00:00 I have a very simple hapi service set up to run on port 8000, and I've already started it with nodemon. To handle request payloads we need to have a route set up that handles POSTs or PUTs. I'll just add a route and then set a method on an array containing both POST and PUT. For this demonstration, the path can stay as is, and I'll just have the handler echo the request payload. The request payload is where hapi places the content of the request body.
00:25 Now we'll use HTTPI to make a POST request from my terminal. I'll add fname and lname properties to the request that HTTPI will automatically turn into a JSON payload. The first JSON objects is the request body, and the second is the response body, and they match. If I change the request from a POST to a PUT, the data is handled the same way. If I add the --form option to HTTPI you can see that the request body was URL encoded and the response was output as JSON.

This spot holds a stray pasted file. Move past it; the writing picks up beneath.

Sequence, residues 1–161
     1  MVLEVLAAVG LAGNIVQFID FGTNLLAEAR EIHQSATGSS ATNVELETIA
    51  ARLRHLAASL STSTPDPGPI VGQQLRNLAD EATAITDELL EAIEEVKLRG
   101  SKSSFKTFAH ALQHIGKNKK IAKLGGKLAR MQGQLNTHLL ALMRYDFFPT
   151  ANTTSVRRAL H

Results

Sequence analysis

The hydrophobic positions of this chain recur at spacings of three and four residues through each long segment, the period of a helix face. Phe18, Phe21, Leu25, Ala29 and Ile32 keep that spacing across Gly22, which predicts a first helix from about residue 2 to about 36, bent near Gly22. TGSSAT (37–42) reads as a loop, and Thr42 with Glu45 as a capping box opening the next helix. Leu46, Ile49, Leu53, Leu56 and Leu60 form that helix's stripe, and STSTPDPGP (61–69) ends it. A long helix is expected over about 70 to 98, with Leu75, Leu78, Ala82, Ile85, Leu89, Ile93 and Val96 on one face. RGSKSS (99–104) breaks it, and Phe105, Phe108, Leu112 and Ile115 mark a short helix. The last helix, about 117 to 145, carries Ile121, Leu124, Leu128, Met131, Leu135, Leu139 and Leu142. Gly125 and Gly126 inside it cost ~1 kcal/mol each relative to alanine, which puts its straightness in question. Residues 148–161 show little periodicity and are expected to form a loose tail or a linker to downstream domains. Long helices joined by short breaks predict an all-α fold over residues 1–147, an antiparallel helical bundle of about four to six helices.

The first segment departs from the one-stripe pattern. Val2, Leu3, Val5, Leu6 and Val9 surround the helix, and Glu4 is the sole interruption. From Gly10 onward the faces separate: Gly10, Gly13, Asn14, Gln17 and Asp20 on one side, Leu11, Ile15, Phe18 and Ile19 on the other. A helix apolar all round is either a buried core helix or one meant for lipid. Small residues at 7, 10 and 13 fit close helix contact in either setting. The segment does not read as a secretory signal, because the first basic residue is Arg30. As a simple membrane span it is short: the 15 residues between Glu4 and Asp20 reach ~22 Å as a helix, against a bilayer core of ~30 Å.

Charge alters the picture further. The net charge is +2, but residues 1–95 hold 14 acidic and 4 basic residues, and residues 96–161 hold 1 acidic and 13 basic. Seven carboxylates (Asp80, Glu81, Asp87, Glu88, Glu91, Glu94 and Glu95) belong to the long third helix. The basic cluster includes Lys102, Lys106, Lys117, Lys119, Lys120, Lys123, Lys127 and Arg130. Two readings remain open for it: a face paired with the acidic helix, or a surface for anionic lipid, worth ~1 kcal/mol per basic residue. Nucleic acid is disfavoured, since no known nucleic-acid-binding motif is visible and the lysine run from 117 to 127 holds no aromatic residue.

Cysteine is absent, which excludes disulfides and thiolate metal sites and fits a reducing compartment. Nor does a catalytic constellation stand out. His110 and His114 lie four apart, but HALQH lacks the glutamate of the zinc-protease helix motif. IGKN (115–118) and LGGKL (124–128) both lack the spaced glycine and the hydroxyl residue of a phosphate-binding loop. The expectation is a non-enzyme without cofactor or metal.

01:01 Hapi loads the request body into memory and parses it by default for any request that is not a GET or HEAD request, and it will detect and parse a number of different payload MIME types, like JSON and URL encoded forms. If I were to configure the route for the default payload behavior, I'd add a config section to the route containing a payload object. The output property determines how the payload is represented, the default is data. The parse property determines if the payload is processed or presented raw, the default is true.
01:34 Running the form PUT again shows that the route is behaving the same as before. If I set the parse option to false and make the form PUT request again, the request and the response match because hapi did not parse the URL encoded string into a JSON object. If I decide that I only want support JSON payloads, I would add an allow property and lock it to application/JSON. Now form PUT request results in an unsupported media type error.